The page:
A major United Nations economic survey released on Thursday projected an acceleration in the country’s economic growth for the current year and the next with real GDP growth of two per cent and 2.3pc, respectively.

It also projected an ease in inflation from 26pc in 2024 to 12.2pc in 2025.

The 2024 Economic and Social Survey of Asia and the Pacific region, released by the UN Economic and Social Commission for Asia and the Pacific (UN-ESCAP), noted that the economy faced political unrest that had adverse impacts on business and consumer sentiment while a massive flood disrupted agricultural production.

It noted that an agreement with the International Monetary Fund in mid-2023 and further assistance from China, Saudi Arabia and the United Arab Emirates had helped the economy regain some macroeconomic stability during 2023.

The survey pointed out that the economy was undergoing fiscal adjustments to restore stability through various measures such as removing subsidies for the power sector.

It also noted that despite the low tax levels, tax gaps were moderate, although such gaps were not necessarily small if measured as a share of current tax revenues rather than a share of GDP.

The above suggested that better tax policies and administration alone might not help to bridge the vast development financing gaps in low-tax countries, the survey said.

Overall improvements in socioeconomic development and public governance would be needed as well as tax revenue enhancement on a larger scale, the survey suggested.

It emphasised that the governments of developing Asia-Pacific countries were in urgent need of affordable and long-term financing as many of them were being forced to choose between servicing debt in a high-interest rate environment or investing in education, health and social protection for their people.

According to the survey, new perspectives and approaches could solve this long-standing challenge. Suggesting such actions, the survey said that donors should prioritise the development financing needs of recipient countries over political interests, multilateral development banks need to improve their lending capacities, including through fresh capital injections, and credit rating agencies should adopt a long-term perspective and appreciate that public investments to realise shared development ambitions raise fiscal credibility over time.

The survey also recommended stronger public revenue collection, which would not only help close the “tax gap” but also reduce fiscal risks and borrowing costs.

Apart from digitalising tax administration, policies to increase society’s willingness to pay taxes offered untapped potential, the survey pointed out.

Similarly, it said that more developed capital markets were needed to unleash sizeable domestic savings in the region and to increase the supply of long-term capital for investments in the Sustainable Development Goals (SDG).

“Governments of developing countries across Asia and the Pacific are victims of an unjust, outdated and dysfunctional global financial architecture. They face fiscal constraints, rising borrowing rates with shorter loan maturity and heavy debt burdens,” UN Secretary-General Antonio Guterres was quoted as saying in the report.

He said income inequality was also likely to widen in the region, as the value of national minimum wages, adjusted for inflation, had declined in several countries in recent years, further weakening the ability of lower-income groups to cope with weak job opportunities and high food prices.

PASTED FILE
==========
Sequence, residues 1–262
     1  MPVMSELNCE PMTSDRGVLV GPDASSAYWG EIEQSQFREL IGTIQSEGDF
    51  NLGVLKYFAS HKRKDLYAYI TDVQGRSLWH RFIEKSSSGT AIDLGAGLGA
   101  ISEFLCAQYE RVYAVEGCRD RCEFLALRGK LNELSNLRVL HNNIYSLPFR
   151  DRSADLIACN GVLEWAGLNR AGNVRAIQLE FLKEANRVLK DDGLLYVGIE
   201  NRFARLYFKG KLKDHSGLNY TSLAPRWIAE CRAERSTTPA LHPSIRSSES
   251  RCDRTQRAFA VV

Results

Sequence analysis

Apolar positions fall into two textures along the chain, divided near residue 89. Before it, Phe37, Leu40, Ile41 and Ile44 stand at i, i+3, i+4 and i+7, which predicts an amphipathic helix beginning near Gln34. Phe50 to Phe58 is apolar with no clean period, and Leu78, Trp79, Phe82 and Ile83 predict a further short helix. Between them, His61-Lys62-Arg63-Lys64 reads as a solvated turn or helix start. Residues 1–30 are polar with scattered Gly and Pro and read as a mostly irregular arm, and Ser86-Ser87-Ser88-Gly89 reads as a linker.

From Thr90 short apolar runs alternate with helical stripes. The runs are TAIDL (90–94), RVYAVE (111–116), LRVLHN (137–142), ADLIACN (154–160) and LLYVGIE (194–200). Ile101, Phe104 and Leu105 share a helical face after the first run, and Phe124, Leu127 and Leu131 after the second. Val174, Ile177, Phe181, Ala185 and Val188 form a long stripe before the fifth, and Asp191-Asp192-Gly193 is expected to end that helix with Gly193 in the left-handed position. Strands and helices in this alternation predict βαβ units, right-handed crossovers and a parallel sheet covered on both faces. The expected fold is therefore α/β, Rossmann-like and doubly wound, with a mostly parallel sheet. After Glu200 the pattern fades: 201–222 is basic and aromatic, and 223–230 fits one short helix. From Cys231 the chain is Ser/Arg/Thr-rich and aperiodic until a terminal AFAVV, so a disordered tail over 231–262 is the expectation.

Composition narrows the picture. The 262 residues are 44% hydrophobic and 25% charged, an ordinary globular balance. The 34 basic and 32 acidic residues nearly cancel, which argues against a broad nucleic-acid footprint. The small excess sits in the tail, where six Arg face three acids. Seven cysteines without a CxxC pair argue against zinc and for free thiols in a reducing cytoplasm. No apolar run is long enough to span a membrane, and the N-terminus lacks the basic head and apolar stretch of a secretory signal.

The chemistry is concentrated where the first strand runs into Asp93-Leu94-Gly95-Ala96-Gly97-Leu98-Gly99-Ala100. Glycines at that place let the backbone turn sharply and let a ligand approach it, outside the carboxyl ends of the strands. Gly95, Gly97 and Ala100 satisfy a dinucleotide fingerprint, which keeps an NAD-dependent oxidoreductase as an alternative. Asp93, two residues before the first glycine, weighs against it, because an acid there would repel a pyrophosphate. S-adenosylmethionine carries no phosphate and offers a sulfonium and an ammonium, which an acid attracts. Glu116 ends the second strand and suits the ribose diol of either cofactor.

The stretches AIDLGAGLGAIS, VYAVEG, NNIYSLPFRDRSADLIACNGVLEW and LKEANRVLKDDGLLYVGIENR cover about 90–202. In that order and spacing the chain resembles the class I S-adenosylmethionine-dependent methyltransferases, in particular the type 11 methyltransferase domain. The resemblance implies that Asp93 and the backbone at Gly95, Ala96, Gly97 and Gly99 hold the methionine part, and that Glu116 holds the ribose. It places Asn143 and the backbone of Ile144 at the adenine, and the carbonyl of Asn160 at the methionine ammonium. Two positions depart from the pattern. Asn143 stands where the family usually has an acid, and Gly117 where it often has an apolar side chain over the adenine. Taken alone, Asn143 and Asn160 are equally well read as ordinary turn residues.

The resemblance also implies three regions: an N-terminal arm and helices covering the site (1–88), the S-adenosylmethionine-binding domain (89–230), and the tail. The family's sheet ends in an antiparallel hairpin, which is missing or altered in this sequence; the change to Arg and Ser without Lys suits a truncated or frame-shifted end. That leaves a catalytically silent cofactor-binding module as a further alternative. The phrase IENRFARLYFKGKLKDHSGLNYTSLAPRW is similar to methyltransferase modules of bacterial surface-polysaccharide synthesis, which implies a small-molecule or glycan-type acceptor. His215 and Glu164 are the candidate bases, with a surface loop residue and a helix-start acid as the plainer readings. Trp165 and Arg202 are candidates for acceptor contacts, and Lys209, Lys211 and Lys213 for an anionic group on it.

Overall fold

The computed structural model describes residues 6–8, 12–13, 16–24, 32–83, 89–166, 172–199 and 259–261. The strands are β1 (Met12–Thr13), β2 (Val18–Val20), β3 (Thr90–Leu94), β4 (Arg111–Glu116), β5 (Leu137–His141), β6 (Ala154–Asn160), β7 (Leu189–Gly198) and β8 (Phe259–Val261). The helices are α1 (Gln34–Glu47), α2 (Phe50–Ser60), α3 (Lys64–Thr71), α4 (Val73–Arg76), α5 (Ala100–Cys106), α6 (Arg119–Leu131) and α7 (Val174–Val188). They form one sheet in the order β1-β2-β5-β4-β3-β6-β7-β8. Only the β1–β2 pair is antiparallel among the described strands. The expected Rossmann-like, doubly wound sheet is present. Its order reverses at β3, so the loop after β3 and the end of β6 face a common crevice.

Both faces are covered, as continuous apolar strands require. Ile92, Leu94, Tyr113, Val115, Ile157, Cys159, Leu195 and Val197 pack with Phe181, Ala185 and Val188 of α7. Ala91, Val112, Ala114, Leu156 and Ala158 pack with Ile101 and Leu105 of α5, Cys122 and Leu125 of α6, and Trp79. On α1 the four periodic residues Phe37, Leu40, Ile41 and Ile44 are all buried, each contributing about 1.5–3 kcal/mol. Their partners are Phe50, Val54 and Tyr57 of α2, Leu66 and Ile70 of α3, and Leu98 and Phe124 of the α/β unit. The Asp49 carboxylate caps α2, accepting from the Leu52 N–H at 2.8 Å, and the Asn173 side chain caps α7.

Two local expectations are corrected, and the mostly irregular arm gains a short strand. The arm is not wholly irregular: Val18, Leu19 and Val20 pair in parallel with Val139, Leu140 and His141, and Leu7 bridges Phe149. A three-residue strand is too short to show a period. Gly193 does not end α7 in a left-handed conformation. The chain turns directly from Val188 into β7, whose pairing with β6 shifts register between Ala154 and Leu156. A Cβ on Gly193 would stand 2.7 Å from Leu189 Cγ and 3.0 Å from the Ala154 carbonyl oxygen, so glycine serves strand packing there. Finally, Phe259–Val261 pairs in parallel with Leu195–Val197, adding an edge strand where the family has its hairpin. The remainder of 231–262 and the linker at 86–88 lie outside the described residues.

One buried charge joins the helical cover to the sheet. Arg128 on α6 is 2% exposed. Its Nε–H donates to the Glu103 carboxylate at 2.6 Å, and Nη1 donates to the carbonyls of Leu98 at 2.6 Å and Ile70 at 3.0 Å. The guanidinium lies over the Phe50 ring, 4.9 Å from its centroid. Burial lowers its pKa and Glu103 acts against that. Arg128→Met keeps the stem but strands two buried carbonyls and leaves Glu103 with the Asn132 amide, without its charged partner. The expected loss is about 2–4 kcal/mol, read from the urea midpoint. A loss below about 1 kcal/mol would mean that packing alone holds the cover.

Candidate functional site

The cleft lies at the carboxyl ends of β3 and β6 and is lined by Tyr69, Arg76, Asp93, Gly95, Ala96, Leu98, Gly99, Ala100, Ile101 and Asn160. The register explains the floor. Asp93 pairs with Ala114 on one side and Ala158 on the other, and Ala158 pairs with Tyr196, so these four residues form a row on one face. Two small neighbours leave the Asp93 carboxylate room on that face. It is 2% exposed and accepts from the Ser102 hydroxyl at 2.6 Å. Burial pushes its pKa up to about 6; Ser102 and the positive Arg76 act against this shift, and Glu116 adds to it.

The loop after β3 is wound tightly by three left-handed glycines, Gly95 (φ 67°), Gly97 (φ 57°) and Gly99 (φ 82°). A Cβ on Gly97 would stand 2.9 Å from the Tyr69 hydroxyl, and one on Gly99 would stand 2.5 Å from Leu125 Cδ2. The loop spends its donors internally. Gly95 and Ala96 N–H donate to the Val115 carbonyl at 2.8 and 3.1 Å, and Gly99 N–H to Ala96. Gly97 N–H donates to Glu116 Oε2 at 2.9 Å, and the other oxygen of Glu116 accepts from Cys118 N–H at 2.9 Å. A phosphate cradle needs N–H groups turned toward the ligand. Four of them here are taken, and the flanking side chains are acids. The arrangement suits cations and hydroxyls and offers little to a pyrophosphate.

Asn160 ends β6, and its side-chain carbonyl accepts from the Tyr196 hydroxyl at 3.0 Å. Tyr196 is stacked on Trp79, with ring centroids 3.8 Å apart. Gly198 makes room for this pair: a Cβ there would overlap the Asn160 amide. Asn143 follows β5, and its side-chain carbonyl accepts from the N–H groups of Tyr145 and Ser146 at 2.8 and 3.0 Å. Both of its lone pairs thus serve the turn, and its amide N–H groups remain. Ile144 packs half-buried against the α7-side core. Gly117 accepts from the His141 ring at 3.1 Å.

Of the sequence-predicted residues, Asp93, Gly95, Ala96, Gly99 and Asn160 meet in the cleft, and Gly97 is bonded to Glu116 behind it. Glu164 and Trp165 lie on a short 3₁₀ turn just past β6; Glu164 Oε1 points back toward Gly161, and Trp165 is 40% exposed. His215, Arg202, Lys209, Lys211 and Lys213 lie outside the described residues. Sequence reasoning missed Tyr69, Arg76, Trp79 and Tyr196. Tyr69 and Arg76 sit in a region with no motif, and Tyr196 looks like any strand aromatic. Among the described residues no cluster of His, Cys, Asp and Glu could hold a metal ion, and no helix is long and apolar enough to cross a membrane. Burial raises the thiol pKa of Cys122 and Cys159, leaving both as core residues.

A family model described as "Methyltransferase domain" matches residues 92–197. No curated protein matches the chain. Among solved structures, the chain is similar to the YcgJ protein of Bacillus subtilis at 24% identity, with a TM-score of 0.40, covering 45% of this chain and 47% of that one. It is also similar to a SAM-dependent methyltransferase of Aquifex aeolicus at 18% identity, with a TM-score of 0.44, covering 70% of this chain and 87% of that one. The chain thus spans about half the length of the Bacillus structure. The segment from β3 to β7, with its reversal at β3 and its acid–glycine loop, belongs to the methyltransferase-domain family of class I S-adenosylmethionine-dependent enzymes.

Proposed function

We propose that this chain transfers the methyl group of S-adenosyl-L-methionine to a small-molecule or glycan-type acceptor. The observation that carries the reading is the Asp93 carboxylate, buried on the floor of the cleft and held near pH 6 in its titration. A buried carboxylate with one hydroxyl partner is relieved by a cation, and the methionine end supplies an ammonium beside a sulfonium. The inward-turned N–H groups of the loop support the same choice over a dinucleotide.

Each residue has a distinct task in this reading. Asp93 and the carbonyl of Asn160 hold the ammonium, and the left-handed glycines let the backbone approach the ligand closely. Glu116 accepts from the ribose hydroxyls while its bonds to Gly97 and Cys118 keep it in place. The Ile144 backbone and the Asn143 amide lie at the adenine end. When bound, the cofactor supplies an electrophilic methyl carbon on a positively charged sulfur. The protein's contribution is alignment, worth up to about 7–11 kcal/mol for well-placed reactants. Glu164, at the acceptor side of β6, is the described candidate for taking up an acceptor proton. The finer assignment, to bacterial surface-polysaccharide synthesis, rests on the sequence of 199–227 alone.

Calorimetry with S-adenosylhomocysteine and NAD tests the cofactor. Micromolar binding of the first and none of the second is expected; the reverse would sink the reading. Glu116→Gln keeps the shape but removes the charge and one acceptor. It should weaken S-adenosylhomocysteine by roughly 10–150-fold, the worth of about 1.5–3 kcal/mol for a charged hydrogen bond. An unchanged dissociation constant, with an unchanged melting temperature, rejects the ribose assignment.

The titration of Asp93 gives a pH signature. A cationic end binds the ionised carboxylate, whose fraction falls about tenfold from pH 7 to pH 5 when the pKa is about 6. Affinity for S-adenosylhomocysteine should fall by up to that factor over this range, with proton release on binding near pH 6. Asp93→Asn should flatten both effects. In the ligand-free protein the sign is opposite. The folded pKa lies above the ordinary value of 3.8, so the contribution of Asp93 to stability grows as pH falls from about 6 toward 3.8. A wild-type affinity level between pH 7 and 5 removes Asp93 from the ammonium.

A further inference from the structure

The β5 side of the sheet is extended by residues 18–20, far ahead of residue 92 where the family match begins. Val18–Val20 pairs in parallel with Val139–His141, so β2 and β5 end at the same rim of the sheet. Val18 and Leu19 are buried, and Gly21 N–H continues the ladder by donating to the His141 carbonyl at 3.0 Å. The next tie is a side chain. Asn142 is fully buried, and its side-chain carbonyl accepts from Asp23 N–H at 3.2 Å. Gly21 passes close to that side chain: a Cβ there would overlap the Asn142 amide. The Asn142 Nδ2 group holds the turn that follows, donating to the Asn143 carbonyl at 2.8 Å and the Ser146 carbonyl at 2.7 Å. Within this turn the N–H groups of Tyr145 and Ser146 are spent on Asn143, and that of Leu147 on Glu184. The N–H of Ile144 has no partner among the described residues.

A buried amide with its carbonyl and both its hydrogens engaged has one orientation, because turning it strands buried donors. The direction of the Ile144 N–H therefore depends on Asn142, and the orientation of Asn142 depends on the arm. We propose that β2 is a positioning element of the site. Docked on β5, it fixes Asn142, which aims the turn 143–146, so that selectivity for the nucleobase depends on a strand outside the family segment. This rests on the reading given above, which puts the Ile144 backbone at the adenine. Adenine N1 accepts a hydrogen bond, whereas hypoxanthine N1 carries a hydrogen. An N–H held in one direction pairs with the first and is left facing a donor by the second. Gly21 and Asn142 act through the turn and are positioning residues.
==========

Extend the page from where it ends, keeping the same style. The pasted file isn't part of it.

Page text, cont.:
“It is crucial to dispel the misconception that higher public debt levels inevitably lead to higher debt distress. In fact, strategic deployment of public debt to invest in the SDGs not only benefits people and the environment but also contributes to lowering public debt as a percentage of gross domestic product over the long term,” said UN-ESCAP Executive Secretary Armida Salsiah Alisjahbana.

Average economic growth in the developing Asia-Pacific region picked up from 3.5pc in 2022 to 4.8pc in 2023, although the rebound was concentrated in a few large countries, the survey found.

GDP growth in the region was projected to remain relatively steady but below the pre-pandemic trend, at 4.4pc in both 2024 and 2025.

The survey said uncertain inflation and interest rate trends, escalation of geopolitical tensions and trade fragmentation were examples of economic headwinds faced by the region’s economies.

While a strong and fair taxation system and efficient and effective public spending should remain the backbone for financing essential public investments, governments would need to borrow to finance large sustainable development investment needs.

For Asia and the Pacific, the share of external public debt owed to official creditors dropped from 54pc in 2010 to 35pc in 2022. As such, private creditors, bondholders, in particular, have now become the main creditors for countries in the region, according to the survey.

A new quantitative analysis by ESCAP showed that macroeconomic fundamentals, such as inflation, exchange rate volatility, fiscal position, sovereign credit rating and capital market liquidity, were key in influencing government borrowing costs in several Asia-Pacific economies.

The 2024 survey argued that strengthening tax revenue collection and boosting domestic savings were particularly important.

The developing Asia-Pacific region has recorded notable progress in tax revenue mobilisation, with the average tax-to-GDP ratio increasing from 13pc in 2001 to 17.8pc in 2011 before moderating to 15.7pc in 2021 amid the pandemic, the survey noted.

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